Filters can be expensive depending on the brand. Most people start with the cheap ones and after wasting money buying and selling end up with something better like a Lee setup (me included, started with Cokin filters that had a horrible colour cast) If you go down that road expext to pay out the same amount you would for a lens to get the full "kit". I use a big stopper, square CPL, 3 stop hard GND, 3 stop soft GND and a 3 stop reverse GND (Hitech) which adds to over £600


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markisclueless
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Jan 17, 2014 06:19 |  #28

xpfloyd wrote in post #16612527 (external link)
Bright sunlight can cause flat contrast, especially if shooting landscapes in the middle of the day when the sun is high. when shooting sunsets or sunrises I always use a graduated ND filter (either soft edge or hard edge). My filters are 3 stop so they cut out 3 stops of light from the sky to allow the foreground to be exposed brighter. They dont help with flare but allow contrast and exposure to be brought back. I have recently purchased a 3 stop reverse grad ND filter which darkens the horizon where the sun is but effects the sky less than the GND but havent had a chance to give it a try yet due to the weather.

Filters can be expensive depending on the brand. Most people start with the cheap ones and after wasting money buying and selling end up with something better like a Lee setup (me included, started with Cokin filters that had a horrible colour cast) If you go down that road expext to pay out the same amount you would for a lens to get the full "kit". I use a big stopper, square CPL, 3 stop hard GND, 3 stop soft GND and a 3 stop reverse GND (Hitech) which adds to over £600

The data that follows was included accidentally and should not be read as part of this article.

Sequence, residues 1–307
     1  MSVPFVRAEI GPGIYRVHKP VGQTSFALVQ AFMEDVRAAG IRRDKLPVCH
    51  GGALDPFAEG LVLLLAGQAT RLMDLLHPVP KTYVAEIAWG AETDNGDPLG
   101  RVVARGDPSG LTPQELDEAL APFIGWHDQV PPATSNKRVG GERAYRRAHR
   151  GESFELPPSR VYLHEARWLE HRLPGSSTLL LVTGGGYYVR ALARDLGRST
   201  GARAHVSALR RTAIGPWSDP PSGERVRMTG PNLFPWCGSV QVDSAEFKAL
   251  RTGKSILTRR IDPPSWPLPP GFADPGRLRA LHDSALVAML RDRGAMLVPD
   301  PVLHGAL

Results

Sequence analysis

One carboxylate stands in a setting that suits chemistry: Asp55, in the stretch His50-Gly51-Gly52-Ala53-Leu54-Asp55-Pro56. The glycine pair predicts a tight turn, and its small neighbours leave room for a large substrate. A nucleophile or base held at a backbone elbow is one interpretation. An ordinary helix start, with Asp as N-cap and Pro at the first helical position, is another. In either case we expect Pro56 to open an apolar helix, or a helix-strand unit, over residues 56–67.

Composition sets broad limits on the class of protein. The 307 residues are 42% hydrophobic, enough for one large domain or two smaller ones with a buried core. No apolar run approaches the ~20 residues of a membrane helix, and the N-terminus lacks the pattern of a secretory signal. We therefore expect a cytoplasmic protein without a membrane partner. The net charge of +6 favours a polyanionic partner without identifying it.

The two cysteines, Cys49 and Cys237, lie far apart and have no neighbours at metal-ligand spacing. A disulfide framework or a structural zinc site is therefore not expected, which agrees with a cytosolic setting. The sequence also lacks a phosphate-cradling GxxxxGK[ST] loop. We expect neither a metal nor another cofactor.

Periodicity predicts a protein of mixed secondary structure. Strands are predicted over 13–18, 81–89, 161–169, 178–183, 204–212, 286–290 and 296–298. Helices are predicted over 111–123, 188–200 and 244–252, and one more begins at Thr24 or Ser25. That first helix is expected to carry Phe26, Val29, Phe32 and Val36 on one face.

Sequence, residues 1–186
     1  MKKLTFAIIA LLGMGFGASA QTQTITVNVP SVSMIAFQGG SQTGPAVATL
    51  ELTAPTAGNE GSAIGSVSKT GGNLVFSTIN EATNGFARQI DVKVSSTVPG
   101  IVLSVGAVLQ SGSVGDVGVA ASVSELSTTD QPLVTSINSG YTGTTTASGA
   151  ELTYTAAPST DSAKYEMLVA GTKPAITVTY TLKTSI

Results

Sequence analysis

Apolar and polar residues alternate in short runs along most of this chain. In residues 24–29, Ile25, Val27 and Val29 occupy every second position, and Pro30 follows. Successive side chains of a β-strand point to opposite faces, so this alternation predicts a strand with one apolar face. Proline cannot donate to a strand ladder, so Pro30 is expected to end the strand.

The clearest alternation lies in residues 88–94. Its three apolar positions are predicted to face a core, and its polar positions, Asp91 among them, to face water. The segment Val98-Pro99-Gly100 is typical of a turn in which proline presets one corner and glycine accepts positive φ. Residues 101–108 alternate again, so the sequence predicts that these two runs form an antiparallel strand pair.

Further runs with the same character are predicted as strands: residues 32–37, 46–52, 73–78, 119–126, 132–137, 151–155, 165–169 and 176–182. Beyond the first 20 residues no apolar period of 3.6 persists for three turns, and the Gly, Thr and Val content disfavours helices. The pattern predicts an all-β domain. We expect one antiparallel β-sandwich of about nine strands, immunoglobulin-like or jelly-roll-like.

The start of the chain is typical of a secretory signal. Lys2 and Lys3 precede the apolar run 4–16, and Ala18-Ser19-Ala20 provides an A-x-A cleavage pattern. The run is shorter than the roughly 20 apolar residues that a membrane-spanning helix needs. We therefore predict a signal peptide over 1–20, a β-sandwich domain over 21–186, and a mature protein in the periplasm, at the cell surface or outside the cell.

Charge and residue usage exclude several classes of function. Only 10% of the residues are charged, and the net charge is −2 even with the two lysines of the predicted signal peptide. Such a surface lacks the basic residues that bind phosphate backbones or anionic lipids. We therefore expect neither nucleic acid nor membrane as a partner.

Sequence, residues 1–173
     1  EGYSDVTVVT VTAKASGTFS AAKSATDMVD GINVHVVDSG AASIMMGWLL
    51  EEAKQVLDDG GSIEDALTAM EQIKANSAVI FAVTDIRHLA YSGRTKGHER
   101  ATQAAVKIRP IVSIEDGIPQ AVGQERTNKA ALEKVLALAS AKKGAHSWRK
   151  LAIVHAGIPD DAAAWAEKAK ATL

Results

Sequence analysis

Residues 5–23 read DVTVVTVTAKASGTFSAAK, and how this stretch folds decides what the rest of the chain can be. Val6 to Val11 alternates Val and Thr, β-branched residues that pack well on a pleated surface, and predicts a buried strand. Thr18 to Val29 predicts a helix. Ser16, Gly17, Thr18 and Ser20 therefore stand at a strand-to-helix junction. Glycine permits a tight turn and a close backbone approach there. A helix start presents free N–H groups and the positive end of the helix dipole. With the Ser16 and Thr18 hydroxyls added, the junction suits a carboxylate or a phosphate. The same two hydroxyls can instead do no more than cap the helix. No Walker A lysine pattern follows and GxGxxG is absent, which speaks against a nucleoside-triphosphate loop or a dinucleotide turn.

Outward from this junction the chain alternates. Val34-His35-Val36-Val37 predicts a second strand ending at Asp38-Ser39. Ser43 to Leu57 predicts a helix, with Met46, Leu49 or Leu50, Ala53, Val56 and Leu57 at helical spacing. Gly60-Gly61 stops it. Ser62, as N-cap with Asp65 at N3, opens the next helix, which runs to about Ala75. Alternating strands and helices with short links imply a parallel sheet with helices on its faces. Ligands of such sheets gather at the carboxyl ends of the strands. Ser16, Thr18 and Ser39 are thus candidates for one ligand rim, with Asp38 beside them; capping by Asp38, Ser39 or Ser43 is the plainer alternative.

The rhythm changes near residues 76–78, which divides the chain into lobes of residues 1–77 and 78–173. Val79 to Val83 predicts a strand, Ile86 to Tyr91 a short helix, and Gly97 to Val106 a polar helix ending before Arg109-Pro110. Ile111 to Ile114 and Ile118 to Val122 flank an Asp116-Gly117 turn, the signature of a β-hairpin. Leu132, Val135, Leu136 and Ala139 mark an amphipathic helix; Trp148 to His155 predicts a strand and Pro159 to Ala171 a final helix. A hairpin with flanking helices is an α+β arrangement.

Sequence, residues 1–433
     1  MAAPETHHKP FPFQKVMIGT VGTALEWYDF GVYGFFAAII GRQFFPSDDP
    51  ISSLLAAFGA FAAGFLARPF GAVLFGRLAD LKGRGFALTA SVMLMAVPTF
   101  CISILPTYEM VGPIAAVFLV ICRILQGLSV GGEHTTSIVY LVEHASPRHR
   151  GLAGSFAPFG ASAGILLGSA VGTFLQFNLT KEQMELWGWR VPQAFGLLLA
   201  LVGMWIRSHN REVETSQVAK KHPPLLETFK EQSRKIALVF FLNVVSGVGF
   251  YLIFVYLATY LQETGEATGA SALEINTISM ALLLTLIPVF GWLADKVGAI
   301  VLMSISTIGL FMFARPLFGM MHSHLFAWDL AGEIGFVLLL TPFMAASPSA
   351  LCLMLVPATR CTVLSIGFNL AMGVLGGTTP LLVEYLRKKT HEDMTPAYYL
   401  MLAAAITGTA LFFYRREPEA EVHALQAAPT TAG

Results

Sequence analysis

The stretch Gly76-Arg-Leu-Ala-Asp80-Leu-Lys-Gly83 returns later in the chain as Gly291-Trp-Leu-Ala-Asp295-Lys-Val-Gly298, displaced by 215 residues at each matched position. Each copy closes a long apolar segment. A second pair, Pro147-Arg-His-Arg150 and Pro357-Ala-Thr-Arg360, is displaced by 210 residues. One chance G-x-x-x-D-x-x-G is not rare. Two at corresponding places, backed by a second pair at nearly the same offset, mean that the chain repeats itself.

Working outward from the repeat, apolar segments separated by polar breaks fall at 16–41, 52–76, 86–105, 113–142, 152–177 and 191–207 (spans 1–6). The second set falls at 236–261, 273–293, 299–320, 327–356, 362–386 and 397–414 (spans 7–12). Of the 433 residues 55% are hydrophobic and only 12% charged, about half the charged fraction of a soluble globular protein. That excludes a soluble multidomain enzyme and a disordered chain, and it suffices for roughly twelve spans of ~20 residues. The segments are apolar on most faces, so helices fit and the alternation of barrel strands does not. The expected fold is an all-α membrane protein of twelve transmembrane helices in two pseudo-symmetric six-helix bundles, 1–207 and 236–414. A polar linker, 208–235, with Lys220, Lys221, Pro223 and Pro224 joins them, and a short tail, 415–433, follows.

Thanks for detailed feedback - all I can hear is the bank breaking! Time to do some research! thanks


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Jan 17, 2014 06:28 as a reply to  @ markisclueless's post |  #29

If you want to make a cheap start with ND Filters, i own a Haida 10-stop which i chose after doing a lot of research, they are comparable to Lee and B+W, at a much cheaper price :)
Sometimes it's good to buy cheap just to see if that's what you want to do rather than shell out a fortune.


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Jan 17, 2014 09:53 |  #30

For a cheap start at long exposure ND filters you can use welding glass. It costs almost nothing and is attached to the lens with rubber bands. Depending on the glass depends on how many stops of light it cuts out but many people use it as a 10 stop filter. If you search on here and on flickr there is a group and a thread with people using this to with surprisingly good results. Colour cast is the main problem but I believe this can be removed in lightroom. Its just harder to fully remove with things like welding glass.

EDIT - flickr here - http://www.flickr.com …s/weldingmaskgl​assfilter/ (external link)
and the POTN thread - https://photography-on-the.net …2&highlight=wel​ding+glass